Basically, if it' a big deal to us, it should be treated as a big deal by people who want to pretend to BE us.
May 10 2016
Sorry, but if you're going to simulate being in the military then you gotta be anal like the military. Otherwise it's not a simulation, it's a game.
In the military we take a LOT of pride in what we do and how we do it. Military service is about following orders, and when the order is to use prescribed radio procedures, if you can't manage to do it then you flat out aren't worthy to wear the uniform. In combat you have to be able to rely upon the men and women around you to perform as they were trained. It is a big deal because lax discipline and inability to follow orders, a laxidasical attitude, those are things that get people killed.
Following orders and procedure is a HUGE deal. If that isn't reflected in the attention to detail given to the game, then you might as well go play battlefield.
And I have to say that the issue of whether it SHOULD be improper or not, whether it actually causes any harm in real life or not, is totally irrelevant. It's a matter of accurately portraying reality, and in reality, it's improper. Doesn't matter that it can be argued that it's a dumb rule.
I think it's a faulty assumption that its "not considered blasphemy" by the uk and Australian militarys. Lets solicit the opinion of some actual combat vets from those countries rather than making assumptions based on no military experience.
At any rate, a British or Australian soldier or even small detachment would never use such phrases when communicating on an American commo net. You don't violate the rules of the house you're visiting.
Look, the bottom line is that in the US military, and likely most other english speaking militaries, saying Roger WILCO *is* improper. At best it will be ignored, at worst disciplinary action is taken against the offender. Most commonly the person just sounds stupid when they say it. Having characters in game say Roger WILCO is like having a private piloting a jet, or mistakenly using ten code instead of normal radio communications, or saying baker instead of bravo, or having an m107 weigh 5 lbs, or making a sniper rifle with a suppressor whisper quiet, or inventing infantry hand signals that have no basis in reality, or calling female officers "Sir", or any of the other silly mistakes that can be made. It's hollywodization, and does not reflect how the military, and more importantly war, really is. It matters only in so much as we desire accuracy and authenticity, but in those regards it DOES matter. It's immersion breaking for those of us who know better, and causes misperceptions for those who don't. It ought to be fixed. It won't kill anyone if it isn't, but it will look bad in terms of attention to detail.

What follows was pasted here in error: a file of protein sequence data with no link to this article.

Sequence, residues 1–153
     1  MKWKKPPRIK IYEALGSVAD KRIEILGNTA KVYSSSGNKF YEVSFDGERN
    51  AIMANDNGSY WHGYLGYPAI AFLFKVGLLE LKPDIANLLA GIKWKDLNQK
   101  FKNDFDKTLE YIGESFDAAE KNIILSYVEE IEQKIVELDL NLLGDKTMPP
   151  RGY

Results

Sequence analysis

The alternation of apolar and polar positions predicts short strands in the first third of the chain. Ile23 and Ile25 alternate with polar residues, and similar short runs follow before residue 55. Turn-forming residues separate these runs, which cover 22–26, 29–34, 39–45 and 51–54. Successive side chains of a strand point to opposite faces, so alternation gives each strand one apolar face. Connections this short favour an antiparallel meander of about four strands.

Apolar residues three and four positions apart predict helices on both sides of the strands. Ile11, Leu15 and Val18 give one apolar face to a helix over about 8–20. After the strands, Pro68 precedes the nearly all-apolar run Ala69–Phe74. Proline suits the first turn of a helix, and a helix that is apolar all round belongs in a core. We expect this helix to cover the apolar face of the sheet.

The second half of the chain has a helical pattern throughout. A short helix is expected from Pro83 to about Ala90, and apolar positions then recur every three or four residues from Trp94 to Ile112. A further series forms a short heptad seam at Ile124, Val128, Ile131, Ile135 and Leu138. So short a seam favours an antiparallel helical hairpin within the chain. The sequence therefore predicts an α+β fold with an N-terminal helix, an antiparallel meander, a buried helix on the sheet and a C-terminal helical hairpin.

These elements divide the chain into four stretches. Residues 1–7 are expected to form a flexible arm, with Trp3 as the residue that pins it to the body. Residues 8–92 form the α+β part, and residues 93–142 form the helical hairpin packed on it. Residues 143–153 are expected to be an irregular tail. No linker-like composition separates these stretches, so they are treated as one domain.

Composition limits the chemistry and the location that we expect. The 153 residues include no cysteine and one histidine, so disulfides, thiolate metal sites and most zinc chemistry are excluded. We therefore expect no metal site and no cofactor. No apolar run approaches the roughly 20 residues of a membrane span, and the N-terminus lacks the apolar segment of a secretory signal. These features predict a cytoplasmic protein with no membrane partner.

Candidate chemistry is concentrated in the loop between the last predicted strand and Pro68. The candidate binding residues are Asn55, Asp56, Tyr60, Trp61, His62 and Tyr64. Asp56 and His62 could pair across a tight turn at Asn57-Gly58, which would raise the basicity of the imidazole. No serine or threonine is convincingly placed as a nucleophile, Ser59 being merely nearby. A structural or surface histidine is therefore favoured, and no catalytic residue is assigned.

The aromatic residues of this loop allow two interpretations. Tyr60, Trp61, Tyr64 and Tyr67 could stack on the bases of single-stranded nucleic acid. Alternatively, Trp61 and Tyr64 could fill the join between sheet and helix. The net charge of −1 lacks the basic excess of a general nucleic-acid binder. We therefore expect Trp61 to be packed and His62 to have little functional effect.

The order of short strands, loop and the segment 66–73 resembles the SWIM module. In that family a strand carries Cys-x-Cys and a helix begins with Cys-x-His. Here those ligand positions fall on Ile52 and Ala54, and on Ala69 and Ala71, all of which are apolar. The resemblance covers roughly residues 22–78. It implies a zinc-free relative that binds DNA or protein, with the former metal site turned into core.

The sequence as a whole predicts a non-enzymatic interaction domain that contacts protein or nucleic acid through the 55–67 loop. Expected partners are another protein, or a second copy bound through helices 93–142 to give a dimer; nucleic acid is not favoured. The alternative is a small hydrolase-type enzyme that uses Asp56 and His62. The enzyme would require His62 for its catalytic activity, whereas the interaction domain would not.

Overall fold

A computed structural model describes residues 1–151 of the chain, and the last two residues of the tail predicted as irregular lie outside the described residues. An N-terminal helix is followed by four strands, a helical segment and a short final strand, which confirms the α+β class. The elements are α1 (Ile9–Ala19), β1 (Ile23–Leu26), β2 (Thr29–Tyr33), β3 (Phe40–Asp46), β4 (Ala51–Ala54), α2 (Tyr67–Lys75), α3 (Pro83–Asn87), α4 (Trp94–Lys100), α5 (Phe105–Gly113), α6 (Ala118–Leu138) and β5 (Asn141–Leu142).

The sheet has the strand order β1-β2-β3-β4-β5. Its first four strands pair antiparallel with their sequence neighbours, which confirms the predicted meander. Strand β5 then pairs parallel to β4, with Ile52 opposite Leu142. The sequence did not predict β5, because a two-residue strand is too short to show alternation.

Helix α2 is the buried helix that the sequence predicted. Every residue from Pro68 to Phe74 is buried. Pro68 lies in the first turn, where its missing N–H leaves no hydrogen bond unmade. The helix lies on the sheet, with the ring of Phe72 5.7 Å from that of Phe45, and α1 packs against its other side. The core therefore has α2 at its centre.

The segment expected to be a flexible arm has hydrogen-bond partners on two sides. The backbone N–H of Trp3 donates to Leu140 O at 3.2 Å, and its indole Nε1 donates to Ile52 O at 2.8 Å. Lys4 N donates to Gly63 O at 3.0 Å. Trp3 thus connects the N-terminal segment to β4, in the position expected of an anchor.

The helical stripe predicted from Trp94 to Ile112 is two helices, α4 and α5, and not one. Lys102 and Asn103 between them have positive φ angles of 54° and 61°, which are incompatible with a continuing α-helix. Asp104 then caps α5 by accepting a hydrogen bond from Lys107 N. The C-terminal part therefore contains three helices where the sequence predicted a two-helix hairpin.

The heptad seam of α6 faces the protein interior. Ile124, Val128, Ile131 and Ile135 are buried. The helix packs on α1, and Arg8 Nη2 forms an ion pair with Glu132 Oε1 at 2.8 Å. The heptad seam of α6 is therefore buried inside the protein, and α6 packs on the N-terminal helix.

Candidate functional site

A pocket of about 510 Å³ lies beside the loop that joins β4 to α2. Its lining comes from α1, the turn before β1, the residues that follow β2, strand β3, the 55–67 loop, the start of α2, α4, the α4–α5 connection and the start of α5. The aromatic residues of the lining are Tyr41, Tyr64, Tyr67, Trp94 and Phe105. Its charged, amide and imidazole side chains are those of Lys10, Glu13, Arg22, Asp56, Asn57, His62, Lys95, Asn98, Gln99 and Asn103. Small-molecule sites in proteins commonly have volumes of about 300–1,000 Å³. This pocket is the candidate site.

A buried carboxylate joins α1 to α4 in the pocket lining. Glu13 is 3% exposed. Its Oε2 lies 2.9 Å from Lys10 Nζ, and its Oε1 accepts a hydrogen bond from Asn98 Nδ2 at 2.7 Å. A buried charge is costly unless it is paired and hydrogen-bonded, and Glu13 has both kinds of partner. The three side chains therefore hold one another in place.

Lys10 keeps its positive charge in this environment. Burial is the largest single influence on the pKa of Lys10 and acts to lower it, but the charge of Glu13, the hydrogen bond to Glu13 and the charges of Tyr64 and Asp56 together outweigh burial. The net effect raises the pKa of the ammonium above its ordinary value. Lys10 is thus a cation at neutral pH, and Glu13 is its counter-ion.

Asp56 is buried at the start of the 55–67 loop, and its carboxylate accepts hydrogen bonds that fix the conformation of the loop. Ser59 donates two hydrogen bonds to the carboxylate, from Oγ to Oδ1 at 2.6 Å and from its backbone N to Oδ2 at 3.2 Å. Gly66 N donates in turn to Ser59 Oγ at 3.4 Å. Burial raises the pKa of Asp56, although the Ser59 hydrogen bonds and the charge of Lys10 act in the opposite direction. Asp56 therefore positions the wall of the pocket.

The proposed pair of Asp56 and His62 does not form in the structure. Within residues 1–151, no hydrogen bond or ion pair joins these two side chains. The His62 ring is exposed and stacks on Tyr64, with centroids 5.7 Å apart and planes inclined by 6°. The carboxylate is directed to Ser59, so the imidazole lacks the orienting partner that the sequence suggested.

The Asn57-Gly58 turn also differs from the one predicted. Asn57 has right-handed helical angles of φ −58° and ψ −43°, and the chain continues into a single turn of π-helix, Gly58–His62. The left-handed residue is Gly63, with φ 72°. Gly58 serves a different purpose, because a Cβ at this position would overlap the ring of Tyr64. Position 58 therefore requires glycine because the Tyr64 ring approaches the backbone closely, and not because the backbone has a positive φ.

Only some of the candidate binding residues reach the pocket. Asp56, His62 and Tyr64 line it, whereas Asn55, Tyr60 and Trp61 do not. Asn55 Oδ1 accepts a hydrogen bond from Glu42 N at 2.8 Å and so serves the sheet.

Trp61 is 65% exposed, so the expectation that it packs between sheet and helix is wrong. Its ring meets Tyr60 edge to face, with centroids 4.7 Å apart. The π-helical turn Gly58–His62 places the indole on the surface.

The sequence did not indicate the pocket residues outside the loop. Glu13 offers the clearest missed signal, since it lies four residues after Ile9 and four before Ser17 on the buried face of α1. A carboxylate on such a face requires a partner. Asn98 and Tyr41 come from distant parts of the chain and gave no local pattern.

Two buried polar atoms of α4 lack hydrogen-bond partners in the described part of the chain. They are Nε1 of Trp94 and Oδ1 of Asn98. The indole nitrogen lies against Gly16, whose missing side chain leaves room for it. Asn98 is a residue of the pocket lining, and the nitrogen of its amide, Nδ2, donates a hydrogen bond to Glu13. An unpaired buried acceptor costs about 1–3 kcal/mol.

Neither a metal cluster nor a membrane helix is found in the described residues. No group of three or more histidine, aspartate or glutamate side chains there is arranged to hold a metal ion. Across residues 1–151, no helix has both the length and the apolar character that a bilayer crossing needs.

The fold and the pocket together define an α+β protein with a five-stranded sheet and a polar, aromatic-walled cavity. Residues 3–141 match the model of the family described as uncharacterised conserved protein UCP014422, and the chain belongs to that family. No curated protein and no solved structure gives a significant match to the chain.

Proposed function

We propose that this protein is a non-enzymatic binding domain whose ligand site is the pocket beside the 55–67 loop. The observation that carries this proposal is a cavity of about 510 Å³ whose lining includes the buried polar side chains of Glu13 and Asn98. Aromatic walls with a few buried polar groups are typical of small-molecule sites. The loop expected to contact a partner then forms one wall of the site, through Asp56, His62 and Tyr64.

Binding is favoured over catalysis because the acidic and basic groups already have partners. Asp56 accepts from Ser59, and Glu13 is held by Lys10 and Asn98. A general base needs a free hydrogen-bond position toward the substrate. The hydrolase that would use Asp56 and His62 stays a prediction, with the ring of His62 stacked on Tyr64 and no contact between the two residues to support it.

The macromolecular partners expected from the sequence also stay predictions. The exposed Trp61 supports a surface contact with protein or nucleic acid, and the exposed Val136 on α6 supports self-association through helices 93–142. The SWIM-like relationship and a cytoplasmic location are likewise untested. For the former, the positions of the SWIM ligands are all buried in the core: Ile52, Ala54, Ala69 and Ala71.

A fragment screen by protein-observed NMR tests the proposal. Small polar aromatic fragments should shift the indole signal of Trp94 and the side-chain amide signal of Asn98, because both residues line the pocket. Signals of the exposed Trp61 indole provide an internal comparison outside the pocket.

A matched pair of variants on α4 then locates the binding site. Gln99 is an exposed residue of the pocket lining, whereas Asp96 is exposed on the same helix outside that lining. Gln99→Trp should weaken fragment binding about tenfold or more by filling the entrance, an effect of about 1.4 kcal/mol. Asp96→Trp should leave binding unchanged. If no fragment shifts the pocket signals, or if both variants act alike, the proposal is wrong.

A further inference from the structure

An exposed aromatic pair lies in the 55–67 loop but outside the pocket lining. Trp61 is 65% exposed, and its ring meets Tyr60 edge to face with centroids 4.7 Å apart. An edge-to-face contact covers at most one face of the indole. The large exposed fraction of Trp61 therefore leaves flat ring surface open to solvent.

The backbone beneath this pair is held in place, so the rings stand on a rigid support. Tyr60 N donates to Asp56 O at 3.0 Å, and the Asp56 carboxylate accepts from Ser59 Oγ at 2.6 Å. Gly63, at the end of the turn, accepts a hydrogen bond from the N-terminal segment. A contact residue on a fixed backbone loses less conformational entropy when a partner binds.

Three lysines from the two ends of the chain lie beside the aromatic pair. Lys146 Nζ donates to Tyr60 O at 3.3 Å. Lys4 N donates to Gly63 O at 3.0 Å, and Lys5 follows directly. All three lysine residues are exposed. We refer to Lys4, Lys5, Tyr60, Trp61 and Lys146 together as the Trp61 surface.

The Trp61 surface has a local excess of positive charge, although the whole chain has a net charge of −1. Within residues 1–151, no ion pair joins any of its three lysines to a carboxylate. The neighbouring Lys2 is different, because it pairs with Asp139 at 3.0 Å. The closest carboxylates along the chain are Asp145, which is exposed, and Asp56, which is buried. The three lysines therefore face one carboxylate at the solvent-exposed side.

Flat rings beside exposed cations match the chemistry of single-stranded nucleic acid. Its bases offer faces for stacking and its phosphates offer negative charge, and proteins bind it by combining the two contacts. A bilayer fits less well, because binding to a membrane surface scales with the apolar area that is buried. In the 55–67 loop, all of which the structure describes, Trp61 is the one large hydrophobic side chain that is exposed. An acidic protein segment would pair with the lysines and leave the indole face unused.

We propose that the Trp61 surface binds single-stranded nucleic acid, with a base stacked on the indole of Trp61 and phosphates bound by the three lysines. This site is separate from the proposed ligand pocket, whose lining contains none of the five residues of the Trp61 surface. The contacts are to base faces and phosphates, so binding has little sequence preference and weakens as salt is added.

as I said, nails on chalkboards. :)
in the game it's also about 20 years in the future. US uniforms change every 10-15 years or so.
Depends on the country, and depends on the job. Supply clerks don't typically spend much time on the radio.
so... US Army procedure vs NATO procedure?
In fact, a quick google produced it: http://library.enlisted.info/field-manuals/series-1/FM24_19/CH5.PDF check page 8.